What could ‘financial freedom’ be in the context of the armed forces?
Having the right amount of money at the right time, when you need it. I strongly believe that financial freedom comes from financial, not physical, assets. You can easily liquidate financial assets when your financial goals come closer and you need that cash.
The armed forces have very little exposure to the world outside defence and combat. Due to this, many investment decisions that they take are sudden and lack awareness and understanding. For example, they may not know the education avenues open for their children. Many, therefore, don't plan for their children's education adequately.
If people in the armed forces want to become truly financially independent, then they must do goal-based planning. Sadly, there is very little awareness about it. If they plan for the goals well, there is bound to be a sufficient amount of money, given their fair pay scales now, by the time they leave the forces.
What were your biggest challenges in managing money when you were in the armed forces?
Transfers were very frequent at the young age when I had joined the army. I’ve been posted to places where an entire week's newspapers would all come together, if at all. It was not the internet era, so there was no continuity in financial news and advice. All financial decisions were literally taken in a vacuum, based on outdated inputs.
Frequent transfers meant that we would lose touch with our financial planning, if we ever had one.
People in the armed forces do not usually discuss personal finances with their seniors. Consequently, nobody was guiding us through important financial decisions. Even important decisions were taken more on hearsay and whims than knowledge and analysis.
What were your biggest financial mistakes and what were the lessons learnt?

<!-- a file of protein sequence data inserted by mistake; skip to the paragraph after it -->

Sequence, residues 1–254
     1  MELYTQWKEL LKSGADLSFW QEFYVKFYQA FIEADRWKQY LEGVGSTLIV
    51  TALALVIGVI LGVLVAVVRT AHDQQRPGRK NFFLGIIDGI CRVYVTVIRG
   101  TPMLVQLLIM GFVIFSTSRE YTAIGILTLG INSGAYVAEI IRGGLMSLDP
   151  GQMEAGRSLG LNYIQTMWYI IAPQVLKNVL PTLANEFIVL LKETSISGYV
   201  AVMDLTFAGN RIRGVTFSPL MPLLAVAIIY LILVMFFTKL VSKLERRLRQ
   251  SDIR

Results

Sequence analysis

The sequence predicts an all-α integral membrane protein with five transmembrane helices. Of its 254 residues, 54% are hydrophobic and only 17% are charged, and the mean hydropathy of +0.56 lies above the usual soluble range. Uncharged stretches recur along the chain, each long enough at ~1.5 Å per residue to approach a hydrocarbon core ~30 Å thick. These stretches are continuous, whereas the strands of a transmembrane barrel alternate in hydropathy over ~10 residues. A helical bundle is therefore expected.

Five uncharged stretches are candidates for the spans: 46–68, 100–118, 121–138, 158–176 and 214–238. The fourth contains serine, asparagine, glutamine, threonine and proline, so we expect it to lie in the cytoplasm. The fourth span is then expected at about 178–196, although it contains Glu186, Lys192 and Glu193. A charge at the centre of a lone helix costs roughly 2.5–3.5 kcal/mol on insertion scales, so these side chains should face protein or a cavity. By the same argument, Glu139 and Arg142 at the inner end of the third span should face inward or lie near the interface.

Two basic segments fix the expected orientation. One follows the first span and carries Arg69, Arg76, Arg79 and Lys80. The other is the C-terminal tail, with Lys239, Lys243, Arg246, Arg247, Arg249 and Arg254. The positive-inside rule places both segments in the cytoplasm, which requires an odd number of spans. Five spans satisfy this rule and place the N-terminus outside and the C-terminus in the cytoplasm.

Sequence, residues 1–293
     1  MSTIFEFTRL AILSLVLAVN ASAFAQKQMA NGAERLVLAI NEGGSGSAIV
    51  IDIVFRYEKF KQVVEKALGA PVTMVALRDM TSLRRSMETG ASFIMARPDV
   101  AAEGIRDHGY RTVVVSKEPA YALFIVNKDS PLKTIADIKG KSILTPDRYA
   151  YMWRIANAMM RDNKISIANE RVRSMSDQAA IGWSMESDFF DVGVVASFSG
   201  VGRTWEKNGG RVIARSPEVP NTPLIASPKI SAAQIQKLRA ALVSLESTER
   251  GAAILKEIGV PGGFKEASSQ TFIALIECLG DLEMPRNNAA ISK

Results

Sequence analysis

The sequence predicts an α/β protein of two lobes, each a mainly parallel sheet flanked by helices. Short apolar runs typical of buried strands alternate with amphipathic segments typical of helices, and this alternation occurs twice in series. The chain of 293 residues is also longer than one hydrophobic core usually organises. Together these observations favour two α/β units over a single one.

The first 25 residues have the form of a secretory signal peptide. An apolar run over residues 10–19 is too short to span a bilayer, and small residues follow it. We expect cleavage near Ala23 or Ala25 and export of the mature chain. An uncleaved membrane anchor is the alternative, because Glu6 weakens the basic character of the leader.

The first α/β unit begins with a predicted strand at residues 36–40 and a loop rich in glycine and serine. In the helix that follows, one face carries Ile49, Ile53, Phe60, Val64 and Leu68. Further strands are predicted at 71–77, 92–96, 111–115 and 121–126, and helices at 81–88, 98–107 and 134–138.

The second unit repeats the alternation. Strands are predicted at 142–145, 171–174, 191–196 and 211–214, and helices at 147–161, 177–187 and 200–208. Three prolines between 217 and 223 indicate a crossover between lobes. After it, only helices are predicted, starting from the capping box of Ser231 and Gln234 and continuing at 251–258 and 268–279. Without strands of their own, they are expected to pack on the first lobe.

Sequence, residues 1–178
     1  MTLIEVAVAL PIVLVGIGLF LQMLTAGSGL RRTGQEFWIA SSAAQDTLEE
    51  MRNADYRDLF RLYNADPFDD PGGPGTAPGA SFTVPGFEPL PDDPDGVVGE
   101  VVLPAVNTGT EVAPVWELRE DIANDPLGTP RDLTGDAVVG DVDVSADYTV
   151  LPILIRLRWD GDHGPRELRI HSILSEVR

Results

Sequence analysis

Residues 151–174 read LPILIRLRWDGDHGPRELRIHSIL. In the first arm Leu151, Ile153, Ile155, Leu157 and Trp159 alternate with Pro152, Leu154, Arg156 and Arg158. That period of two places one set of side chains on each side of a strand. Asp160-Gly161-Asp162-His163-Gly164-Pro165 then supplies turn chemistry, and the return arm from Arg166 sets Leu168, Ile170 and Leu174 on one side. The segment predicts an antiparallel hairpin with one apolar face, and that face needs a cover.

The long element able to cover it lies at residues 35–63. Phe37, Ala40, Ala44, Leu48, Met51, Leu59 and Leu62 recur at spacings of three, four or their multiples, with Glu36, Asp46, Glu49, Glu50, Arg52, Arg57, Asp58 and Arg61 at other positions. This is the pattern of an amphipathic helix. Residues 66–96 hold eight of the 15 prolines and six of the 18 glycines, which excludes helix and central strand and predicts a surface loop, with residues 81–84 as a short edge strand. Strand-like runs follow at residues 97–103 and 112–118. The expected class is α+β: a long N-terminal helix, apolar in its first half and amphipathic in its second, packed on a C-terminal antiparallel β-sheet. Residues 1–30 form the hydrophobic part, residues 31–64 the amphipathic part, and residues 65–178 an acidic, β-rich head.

My first big mistake: I had combined insurance with investment. An insurance agent mis-sold me an insurance policy that he claimed would give 12 percent annual returns. After 20 years, when I did my own calculations, I realised that I had only earned 3 percent. I was shocked.
My big lesson from this episode: If you are not financially savvy, your money will go to dust in no time.
My second mistake: I followed my parents’ investment pattern. I did not bother to check if that suited me. My father used to directly buy equity shares. Therefore, I too started to buy shares. Unknowingly, therefore, I invested without proper research in a lot of initial public offers (IPOs), which turned dud within a couple of years of listing.
My third mistake: Investing without goals. At that time, I only knew that I wanted to grow my money. But I never really thought about why I was saving. So, whenever I needed any money, I would either withdraw from my provident fund or sell equities. There was no thought process; withdrawals were random. Later, I realised that until I set financial goals, impulsive withdrawals will not allow my wealth to grow.
Where do you invest your money now?